Should you Wind or Shake a Watch to Get it Started?
If you have a mechanical watch, every now and then, the watch may stop, and you need to get it started again. This may happen to you more frequently or perhaps never depending on how often you wear your watch, if you let it rest in a watch winder, or if the reason may be that it’s your only watch.
A mechanical watch needs to get energy, and depending on what type of mechanical mechanism it uses, the power is generated in different ways.
For instance, a manual watch such as the Speedmaster Moonwatch Professional requires the wearer to wind up the watch after a day of use, while an automatic watch, such as the Rolex Submariner reference 116610LN only requires the wearer to wear the watch and not let it rest for too long, as the power reserve will otherwise run out. But when your watch stops, regardless if its a manual or an automatic watch, how should you get it started in the best and least harmful possible way?
When it comes to manual watches, there is really not much of a choice but to wind the crown. This is something that Omega has taken into consideration when designing the crown and stem for the Speedmaster Professional.
In order to wind up the watch you don’t need to unscrew the crown from a crown tube, instead, you just start to wind the crown without having to unscrew or pull out the crown. This is a brilliant solution as the crown is not tightened to a crown tube which needs to be unscrewed every time you need to wind the watch. What would happen if this was required is that the crown tube would eventually wear out.
The crown is a relatively easy fix which often does not cost too much to exchange, especially for steel crowns. However, some cases are carved out from one piece of steel, meaning that the crown tube is part of the whole case. In the case that the crown tube is worn out and no longer operates as it should, the only solution would be to replace the whole case, which obviously costs a lot more than just replacing the crown.
When you manually wind a manual watch you are generating power to the power spring, which tightens and gives power when it starts to loosen up. This is one of the reasons why it is difficult to have a mechanical watch with a long power reserve as it requires the power spring to accurately loosen up and thereby give power to the watch at the same speed and force at all times. This of course gets a lot tricker the longer the spring is.
If you have ever manually wound up a mechanical watch, no matter if it’s a manual or an automatic movement, after some turns, you will start to feel more resistance when trying to wind up the watch. With a manual watch, it is extremely important not to continue winding the watch when you start to feel a lot of resistance. This is an indication that the power reserve almost is fully wounded up, and if you were to continue winding the watch, eventually the power reserve spring would snap, which can be an expensive fix. Therefore it’s always important to pay attention when you are winding your manual watch, in order to prevent the power spring to snap.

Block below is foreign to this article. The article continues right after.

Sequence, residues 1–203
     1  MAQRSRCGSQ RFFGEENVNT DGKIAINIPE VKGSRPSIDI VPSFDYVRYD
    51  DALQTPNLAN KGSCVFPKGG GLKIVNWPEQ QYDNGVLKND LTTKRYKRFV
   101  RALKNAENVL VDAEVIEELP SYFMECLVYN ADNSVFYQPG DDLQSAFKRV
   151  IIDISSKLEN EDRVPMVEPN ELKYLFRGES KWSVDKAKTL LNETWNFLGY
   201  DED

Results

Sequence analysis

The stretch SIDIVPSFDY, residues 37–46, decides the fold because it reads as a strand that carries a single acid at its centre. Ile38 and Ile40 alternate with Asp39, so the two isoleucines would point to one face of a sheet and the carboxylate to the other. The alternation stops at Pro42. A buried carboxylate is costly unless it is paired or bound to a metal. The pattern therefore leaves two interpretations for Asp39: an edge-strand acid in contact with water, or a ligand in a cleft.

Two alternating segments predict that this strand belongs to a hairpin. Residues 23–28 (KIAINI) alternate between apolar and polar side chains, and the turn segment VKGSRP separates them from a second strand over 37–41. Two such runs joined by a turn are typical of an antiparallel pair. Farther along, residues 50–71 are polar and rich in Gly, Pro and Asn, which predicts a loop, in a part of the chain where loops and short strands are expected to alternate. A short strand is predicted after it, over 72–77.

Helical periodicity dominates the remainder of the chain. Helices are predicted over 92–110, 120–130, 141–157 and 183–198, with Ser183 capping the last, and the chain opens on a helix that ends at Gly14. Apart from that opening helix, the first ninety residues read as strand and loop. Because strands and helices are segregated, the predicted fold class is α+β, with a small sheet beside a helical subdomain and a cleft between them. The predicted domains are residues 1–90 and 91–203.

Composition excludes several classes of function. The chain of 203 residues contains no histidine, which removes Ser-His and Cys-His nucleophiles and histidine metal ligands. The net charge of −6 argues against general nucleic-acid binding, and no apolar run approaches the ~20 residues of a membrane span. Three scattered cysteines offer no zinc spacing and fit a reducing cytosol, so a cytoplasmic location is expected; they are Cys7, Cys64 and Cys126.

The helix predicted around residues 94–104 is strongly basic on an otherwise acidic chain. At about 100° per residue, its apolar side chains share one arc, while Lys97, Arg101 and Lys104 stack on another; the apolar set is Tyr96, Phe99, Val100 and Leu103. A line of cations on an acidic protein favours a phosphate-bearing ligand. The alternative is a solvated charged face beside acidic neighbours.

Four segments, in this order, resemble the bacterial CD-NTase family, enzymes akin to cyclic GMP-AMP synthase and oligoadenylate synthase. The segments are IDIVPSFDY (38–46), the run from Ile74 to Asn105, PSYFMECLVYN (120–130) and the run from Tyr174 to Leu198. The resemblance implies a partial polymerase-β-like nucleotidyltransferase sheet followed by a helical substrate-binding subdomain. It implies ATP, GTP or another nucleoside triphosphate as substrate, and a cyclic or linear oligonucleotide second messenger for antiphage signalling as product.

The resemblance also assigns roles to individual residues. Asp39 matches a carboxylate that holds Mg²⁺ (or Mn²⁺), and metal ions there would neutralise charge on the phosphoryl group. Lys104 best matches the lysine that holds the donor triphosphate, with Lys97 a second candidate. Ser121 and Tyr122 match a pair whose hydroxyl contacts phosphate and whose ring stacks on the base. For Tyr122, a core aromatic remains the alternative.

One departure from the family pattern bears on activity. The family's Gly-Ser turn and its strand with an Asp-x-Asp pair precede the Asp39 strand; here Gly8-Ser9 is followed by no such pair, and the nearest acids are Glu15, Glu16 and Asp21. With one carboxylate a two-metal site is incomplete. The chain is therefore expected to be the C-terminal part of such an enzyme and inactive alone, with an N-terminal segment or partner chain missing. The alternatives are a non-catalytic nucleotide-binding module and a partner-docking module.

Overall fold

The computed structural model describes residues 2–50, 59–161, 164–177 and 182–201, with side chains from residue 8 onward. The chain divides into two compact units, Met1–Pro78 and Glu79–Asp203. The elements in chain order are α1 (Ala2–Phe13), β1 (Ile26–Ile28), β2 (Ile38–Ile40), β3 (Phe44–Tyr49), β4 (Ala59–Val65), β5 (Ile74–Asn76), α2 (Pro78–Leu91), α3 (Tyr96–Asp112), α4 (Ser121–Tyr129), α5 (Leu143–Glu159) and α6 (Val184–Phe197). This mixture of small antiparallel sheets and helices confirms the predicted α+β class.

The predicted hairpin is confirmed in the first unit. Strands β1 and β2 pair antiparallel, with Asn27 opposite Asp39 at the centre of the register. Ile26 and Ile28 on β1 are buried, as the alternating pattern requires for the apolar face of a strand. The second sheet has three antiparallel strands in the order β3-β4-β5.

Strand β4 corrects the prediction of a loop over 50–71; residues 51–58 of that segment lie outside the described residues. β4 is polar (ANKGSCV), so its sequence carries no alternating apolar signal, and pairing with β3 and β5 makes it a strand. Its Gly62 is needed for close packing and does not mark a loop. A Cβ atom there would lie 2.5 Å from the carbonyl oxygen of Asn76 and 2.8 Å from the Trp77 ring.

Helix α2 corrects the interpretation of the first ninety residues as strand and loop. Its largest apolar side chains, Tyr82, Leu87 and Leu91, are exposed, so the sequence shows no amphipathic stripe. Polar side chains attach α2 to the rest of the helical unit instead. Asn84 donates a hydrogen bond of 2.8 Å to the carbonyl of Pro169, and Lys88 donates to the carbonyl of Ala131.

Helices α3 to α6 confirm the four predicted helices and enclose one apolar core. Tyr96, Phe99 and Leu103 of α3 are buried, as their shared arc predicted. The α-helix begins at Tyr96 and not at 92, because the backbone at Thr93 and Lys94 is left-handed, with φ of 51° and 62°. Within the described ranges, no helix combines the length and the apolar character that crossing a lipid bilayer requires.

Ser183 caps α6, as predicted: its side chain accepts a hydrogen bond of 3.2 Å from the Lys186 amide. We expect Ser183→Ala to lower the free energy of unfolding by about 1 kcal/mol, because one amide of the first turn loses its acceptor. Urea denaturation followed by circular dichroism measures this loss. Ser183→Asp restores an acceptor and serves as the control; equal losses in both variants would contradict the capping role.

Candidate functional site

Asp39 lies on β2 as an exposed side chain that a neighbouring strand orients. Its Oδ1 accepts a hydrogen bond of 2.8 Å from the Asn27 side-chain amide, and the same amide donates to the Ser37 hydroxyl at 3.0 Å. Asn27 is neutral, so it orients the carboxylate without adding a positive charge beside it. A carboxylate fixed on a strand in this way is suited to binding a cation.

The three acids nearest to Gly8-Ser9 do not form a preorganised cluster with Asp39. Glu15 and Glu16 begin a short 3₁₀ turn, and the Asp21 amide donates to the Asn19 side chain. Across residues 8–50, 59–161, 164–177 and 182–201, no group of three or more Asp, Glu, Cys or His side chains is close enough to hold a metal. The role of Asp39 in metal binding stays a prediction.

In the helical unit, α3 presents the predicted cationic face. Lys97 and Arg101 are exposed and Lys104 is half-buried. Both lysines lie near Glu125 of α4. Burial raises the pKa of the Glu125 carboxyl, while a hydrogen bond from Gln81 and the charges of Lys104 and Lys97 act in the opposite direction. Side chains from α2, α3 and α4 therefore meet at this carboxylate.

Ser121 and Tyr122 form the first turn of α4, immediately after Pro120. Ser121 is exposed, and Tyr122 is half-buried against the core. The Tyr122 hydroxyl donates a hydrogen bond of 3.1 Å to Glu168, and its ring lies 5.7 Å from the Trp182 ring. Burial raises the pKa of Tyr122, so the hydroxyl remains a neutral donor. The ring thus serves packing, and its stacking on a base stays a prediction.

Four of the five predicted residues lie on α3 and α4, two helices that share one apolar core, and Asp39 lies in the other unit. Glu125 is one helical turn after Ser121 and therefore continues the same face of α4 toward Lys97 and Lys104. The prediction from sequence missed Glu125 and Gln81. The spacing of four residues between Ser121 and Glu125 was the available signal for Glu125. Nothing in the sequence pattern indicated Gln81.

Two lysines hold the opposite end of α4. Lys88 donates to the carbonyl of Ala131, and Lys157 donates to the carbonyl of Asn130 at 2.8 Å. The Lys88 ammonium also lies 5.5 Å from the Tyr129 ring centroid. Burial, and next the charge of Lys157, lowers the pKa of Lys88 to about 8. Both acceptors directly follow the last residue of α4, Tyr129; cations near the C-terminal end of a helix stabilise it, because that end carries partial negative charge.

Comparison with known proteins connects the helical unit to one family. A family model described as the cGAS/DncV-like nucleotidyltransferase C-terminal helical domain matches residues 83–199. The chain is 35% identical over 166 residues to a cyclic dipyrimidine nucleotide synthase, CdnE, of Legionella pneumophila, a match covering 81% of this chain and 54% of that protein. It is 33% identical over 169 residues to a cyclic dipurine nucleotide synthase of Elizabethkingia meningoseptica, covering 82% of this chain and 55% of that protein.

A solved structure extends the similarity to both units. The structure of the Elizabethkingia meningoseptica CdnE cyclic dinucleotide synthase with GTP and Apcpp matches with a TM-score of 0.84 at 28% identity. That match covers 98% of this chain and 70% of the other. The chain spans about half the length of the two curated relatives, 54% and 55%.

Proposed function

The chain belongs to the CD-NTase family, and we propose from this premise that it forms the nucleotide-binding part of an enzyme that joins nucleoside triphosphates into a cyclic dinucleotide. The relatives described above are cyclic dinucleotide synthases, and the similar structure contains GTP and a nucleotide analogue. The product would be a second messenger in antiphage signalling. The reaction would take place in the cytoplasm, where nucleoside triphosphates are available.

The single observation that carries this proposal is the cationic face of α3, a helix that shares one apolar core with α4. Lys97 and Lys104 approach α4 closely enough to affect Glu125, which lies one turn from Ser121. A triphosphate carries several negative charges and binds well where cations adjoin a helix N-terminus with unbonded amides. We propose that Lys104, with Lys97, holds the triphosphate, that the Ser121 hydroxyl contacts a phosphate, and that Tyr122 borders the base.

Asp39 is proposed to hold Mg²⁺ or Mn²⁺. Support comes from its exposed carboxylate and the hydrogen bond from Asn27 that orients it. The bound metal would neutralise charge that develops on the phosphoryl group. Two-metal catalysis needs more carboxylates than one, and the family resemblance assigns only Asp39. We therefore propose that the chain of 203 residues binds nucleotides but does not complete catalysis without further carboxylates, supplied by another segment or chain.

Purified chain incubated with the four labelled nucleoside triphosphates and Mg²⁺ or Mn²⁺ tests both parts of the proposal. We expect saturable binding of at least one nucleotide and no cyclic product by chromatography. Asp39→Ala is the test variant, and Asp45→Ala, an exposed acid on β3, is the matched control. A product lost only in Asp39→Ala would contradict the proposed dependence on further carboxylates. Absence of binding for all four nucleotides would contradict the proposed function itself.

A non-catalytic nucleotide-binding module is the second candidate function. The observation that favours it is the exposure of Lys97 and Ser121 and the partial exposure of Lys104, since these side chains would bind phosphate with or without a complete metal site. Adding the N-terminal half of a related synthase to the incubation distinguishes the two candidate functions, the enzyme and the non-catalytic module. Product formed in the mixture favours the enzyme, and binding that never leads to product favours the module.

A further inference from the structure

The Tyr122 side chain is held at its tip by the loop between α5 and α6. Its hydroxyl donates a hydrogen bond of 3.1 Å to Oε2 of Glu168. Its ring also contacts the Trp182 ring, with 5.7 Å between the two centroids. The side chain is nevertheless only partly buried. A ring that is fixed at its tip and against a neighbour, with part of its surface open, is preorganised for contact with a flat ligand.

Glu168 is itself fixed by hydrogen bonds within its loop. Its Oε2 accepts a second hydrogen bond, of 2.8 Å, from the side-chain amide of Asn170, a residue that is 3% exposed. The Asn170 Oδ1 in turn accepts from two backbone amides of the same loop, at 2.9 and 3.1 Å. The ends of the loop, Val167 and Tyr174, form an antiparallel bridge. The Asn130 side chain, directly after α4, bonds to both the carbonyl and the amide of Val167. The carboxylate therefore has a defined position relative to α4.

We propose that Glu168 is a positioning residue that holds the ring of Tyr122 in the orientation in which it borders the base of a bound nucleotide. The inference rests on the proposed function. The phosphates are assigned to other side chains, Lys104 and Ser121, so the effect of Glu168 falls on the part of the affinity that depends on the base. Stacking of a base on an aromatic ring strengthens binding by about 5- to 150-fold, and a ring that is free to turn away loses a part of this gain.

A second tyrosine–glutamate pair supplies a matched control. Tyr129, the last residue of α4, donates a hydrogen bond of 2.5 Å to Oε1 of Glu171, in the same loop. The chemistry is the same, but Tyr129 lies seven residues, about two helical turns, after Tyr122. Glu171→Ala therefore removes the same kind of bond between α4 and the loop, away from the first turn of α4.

This is not entirely true, however, as some manual watches today are equipped with a switch that prevents the mainspring to snap.
Automatic watches, as mentioned earlier, require to be worn in order to wind up via the rotor and keep the power reserve with enough power to keep the watch ticking.
Depending on how often you wear your watch you may need to get it started. But as this is an automatic movement, which offers the possibility to also manually wind your watch, what is the best way to get your automatic watch started? The automatic movements are designed to generate power by wearing the watch, which means that it is safe to safely start to shake your watch to get the rotor inside spinning and generate power.
By manually winding your watch, it may feel better than shaking it to get it started, and as if you don’t harm the watch. But the fact is that the gaskets, crown, and stem may take damage over time by being manually wound.
By manually wind your watch too often, for a long period of time, the gaskets inside the crown section will be worn out faster, which makes it extra important to have your automatic watch pressure tested and serviced. As you are unscrewing the crown you also put wear to the crown’s threading which may wear out over time as well.
It isn’t, of course, unsafe to manually wind your automatic watch, but if you are doing it very often and have the intention of keeping your watch in pristine condition for a long period of time, without having to replace any parts, this may be something you consider not doing in the future.
As earlier mentioned manual movements can be over-wound which means that the power spring can snap, with automatic movements this is automatically prevented as the movements have an automatic mechanism that disconnects the rotor and wheels that wind the power spring. With this said you can technically wind your watch for as long as you want, although it is not recommended.
Which type of movement do you prefer and why? How do you usually get your watch started?